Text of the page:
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LEDs, the Next Big Thing in Lighting

This blog post is written by Marjorie Isaacson, director of Elevate Energy’s quality assurance/quality control.

First came the incandescent bulb, next came compact fluorescent lights (CFLs). Now, there’s light-emitting diodes, or LEDs. This new lighting option is widely available at local stores and is used in applications from home lighting to high-definition TVs to traffic lights. As the days get shorter in the winter, lighting accounts for a bigger proportion of household electricity use. Replacing your existing bulbs or CFLs with LEDs can also help you reduce home electricity and lighting costs.

Why LEDs?

An LED is “solid-state” lighting, meaning it works by passing electric current through a solid semiconductor material. Solid-state lighting differs from incandescent bulbs, which generate light via heated filaments, as well as from CFLs, which use gas discharge. LEDs have a significantly longer lifespan than CFLs and do not contain mercury. ComEd reports that LEDs use about 75 percent less energy than traditional bulbs and last up to 50 times longer. Further, each bulb you replace with an LED could save you up to $230 in energy costs over its lifetime!


A short history of lighting

The stellar qualities of LEDs make them an obvious choice for home savings. But consumers who fondly remember the warmth of old-fashioned incandescent bulbs — as well as those who may remember the introduction of the CFL — may not be ready to make the switch just quite yet. Early CFLs had notable technical problems: they were large and heavy, and many buzzed, flickered, and emitted poor quality light. They also performed poorly outdoors, in enclosed fixtures, and couldn’t be used in specialized settings like dimmers. The relatively high price tag was another deterrent, even though the significantly lower costs of operation resulted in net savings.

These drawbacks need to be considered in historical context. The standard incandescent lightbulb was a 100-year old technology; I assume most of you weren’t around to observe the process of perfecting the product. Like most new technologies, CFLs had some bumps in the beginning, but they’ve improved dramatically since their introduction in the 1980s.

LEDs have followed a similar, albeit faster, trajectory. What’s key for you, the savvy consumer, is to find the right product and read the label.  We offer a few tips:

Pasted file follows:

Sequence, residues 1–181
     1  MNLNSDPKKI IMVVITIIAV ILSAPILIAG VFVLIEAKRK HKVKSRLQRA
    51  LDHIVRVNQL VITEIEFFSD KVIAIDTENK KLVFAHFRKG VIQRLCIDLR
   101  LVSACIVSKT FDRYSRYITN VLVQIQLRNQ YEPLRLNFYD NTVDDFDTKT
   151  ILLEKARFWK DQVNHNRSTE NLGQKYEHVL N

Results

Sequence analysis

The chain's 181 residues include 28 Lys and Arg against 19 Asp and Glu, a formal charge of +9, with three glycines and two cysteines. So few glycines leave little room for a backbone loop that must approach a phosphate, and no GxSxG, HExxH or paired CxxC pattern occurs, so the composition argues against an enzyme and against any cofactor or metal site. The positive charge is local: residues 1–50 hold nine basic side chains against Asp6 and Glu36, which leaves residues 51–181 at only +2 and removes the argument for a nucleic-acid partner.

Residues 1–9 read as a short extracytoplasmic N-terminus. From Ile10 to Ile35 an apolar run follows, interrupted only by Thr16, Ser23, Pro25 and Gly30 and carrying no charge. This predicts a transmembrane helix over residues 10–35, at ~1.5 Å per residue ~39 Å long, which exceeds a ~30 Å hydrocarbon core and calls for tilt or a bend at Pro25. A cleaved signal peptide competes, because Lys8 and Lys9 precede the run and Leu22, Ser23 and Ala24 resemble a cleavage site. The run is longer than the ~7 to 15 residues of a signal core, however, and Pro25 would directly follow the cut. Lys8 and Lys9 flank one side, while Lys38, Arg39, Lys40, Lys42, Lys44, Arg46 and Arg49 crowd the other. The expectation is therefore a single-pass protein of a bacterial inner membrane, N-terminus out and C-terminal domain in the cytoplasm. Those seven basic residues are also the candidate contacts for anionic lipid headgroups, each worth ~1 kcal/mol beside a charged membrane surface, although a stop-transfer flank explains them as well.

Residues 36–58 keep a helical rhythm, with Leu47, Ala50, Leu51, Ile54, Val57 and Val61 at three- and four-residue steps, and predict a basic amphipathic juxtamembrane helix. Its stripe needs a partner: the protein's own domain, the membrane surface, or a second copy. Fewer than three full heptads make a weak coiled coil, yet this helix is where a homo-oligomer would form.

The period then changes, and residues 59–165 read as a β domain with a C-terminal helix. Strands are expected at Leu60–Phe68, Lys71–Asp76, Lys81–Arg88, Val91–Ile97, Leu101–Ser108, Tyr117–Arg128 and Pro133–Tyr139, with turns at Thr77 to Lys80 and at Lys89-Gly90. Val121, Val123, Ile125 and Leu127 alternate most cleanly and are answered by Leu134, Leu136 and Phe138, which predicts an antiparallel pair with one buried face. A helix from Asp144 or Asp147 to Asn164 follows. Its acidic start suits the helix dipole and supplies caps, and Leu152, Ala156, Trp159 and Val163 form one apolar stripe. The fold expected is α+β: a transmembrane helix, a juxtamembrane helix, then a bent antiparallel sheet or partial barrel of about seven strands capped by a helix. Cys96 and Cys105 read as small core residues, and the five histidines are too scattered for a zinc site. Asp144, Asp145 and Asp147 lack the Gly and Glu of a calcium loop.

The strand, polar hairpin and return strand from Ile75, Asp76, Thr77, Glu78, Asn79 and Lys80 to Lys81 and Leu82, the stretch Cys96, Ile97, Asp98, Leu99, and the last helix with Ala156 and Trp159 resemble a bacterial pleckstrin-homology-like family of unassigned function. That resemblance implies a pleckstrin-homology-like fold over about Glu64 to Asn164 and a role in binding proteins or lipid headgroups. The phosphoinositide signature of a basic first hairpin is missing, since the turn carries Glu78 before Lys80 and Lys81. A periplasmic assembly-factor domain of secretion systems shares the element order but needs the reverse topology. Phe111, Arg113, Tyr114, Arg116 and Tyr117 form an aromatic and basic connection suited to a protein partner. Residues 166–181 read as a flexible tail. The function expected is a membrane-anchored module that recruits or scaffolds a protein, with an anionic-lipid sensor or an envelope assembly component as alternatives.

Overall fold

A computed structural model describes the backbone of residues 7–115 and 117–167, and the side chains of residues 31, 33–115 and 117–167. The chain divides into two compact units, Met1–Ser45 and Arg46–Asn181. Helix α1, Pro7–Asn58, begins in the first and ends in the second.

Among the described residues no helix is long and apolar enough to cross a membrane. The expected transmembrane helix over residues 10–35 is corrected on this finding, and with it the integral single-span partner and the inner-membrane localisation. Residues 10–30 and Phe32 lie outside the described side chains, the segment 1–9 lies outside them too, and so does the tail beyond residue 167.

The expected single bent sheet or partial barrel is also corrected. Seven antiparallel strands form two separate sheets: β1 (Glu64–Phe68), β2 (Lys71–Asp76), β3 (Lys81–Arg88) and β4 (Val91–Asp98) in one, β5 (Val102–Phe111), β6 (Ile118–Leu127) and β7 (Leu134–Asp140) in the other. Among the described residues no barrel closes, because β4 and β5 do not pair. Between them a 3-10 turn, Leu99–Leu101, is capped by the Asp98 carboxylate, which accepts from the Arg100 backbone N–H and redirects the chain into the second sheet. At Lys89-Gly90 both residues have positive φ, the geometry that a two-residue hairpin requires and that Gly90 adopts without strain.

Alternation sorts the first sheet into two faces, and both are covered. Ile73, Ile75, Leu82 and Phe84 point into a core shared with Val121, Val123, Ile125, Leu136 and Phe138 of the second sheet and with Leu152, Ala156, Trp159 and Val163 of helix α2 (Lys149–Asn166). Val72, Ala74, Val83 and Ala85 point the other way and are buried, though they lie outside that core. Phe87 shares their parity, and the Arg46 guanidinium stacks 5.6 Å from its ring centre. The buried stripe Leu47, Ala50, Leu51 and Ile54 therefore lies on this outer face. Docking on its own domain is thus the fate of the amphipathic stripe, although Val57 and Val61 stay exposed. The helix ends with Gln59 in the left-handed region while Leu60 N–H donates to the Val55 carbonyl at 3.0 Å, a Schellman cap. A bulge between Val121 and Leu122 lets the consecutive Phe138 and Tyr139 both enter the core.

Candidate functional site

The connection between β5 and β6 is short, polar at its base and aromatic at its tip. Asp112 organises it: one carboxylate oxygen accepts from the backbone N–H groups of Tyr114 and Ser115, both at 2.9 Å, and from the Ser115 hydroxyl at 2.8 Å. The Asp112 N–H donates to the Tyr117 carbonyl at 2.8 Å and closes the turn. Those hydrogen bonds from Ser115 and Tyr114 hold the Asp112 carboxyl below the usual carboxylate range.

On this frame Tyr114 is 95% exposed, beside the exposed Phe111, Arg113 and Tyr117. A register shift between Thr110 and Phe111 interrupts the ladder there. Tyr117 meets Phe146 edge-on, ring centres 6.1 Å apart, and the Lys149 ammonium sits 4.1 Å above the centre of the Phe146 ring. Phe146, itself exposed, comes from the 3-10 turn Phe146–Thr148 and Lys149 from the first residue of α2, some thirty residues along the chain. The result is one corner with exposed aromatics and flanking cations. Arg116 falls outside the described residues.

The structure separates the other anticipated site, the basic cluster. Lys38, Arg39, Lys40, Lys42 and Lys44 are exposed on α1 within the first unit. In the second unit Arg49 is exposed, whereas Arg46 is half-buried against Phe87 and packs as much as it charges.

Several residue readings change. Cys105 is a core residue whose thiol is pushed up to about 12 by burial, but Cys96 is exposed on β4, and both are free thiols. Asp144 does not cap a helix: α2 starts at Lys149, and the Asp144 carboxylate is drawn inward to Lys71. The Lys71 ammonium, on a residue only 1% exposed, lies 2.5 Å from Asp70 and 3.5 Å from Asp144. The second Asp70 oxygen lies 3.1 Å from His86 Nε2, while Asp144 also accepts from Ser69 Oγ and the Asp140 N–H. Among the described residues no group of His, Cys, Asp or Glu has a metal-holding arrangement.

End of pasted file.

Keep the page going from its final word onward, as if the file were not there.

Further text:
• Information about lumens (brightness) instead of watts (power used) is important, as is the color.
  • LEDs come in a wide variety of hues, with the most popular being “warm” or “soft” white (a yellow hue closer to incandescent light), and “bright” white (which is closer to daylight).
  • Look for the ENERGY STAR® label. These bulbs are required to last 25 years, in addition to other standards.

Don’t just take our word for it

One recent example of LEDs in action is at the Auditorium Theater, a performance venue in Chicago on the National Register of Historic Places. When the Auditorium was built, electrical lighting was still a new technology, and the interior of the theater building is characterized by hundreds of lights. Historical preservation mandated the use of the Edison-style bulbs, which were expensive, fragile, and burn out frequently. However, the Auditorium found an LED bulb that looked very similar to the filament bulb. AuditoriumTheaterReplacing these bulbs not only saved energy, but resulted in lower maintenance costs because the bulbs didn’t have to be replaced as often. Perhaps you, too, would appreciate fewer trips up and down ladders at your home!

LEDs are available at all major hardware stores and places like Menards or Home Depot. ComEd’s Smart Ideas provides instant in-store discounts on select ENERGY STAR certified LEDs — remember to look for the ComEd “Lower Price” sticker. Specialty bulbs, like the filament style of the Auditorium Theater, are available online at sites like

For more on home lighting improvements or overall home energy performance, please get in touch with us at or give us a call at (773) 269-4037. We can help.


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